Renewable Transformation Challenge

Renewable Energy Transformation Challenge 2021

Announcing the  Renewable Transformation Challenge 2021 Winner

Elsevier and the International Solar Energy Society (ISES) are pleased to announce the winner of the Renewable Transformation Challenge 2021 - learn more below!

Coldbox Store wins RTC 2021!

London, November 30, 2021 – Elsevier, a global leader in research publishing and information analytics, and the International Solar Energy Society (ISES), are pleased to announce Coldbox Store as the winner of the 2021 Renewable Transformation Challenge (RTC).

Food waste is a significant driver in climate change, as 6% of all global greenhouse emissions come from the production of food that is never eaten1. This creates a vicious cycle of more extreme climate, which makes food production more difficult and exacerbates poverty, malnutrition and inequality across society.

This year’s winner, Coldbox Store offers one solution that can help address this problem. By connecting perishable food farmers to markets and handle the cold chain logistics to ensure fresh produce is received at the expected quality, because 50% of the fruits and vegetables produced in Nigeria are never consumed due to post-harvest losses, and suffer from poor storage conditions, reducing what farmers can charge for their products.

“Coldbox Store is a walk-in, commercial, refrigeration solution that can store up to 15 tons of fruits and vegetables at a time,” said this year’s winner Uzochukwu Mbamalu on behalf of the Coldbox Store Team. “This can increase the shelf life of fresh produce, such as tomatoes, from 2 days to 21 days. It is an efficient refrigeration system that uses solar power for precooling and cold storage. The system is designed to be completely off-grid as Solar PV powers the entire solution.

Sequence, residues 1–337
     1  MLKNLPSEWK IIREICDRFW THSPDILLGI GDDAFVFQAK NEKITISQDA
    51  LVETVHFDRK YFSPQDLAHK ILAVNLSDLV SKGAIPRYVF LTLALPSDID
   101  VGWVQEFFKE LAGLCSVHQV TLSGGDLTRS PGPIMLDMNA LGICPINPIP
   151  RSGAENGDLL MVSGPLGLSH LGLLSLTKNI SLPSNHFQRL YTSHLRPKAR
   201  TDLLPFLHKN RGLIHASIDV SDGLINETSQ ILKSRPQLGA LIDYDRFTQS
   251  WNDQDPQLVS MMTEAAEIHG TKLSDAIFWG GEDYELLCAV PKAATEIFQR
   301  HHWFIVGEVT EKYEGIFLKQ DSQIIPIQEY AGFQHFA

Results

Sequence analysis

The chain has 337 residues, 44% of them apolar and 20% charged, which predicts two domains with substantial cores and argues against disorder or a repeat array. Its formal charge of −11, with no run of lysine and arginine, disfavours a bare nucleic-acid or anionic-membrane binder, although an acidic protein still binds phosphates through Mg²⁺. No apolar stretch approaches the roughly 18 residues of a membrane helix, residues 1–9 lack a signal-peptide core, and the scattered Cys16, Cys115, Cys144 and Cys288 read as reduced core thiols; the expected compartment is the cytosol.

“We have what it takes to bring about change - all we have to do is take action,” Mr. Mbamalu added.

Launched in 2017, the RTC aims to honor and showcase outstanding work that actively supports the transformation to a world powered by renewable energy and showcasing the potential to widen access to energy—particularly in low- and middle-income countries. The Challenge is open to individuals and organizations in both not-for-profit and commercial sectors worldwide. Over 85 entries were received this year, and were scored in terms of applicability, impact, sustainability and scalability in two stages: first by the Juror Panel; and then by the Elsevier-ISES Awards Committee who selected the final winner from the ten shortlisted candidates.

Klaus Vajen, President of ISES, said “Since the launch of the RTC in 2017, we have seen hundreds of applications from around the world, the best of which reflect incredible work being done by organizations, businesses and research institutions to address some of the most pressing challenges of our time. The RTC aims to highlight the many programs that help move the world toward an energy system supplied entirely by renewable energy sources and provide access to reliable renewable energy.

“As President of ISES and a member of the jury, I was impressed by the level of commitment and innovation of this year’s applications—it is inspiring to see real-world projects that utilize solar energy as the most reliable and affordable energy source. We are very pleased to be awarding the prize to the Coldbox Store team, whose project offers an innovative and replicable solution to address food waste through solar energy technologies. Engr. Mbamalu and his team have implemented a project that improves lives while addressing climate change.”

Peter Harrison, Senior Vice President, Physical Sciences Journals at Elsevier said “Coldbox Store demonstrates powerfully how addressing climate change through renewable energy transformations can lead to positive changes in so many other ways: lifting people out of poverty; reducing waste; and feeding those in need. Elsevier is proud to award Uzochukwu Mbamalu’s team for their work, which was the standout entry among many strong applications. We’d like to thank our partners at the International Solar Energy Society and the judges and jury for their thoughtful consideration.”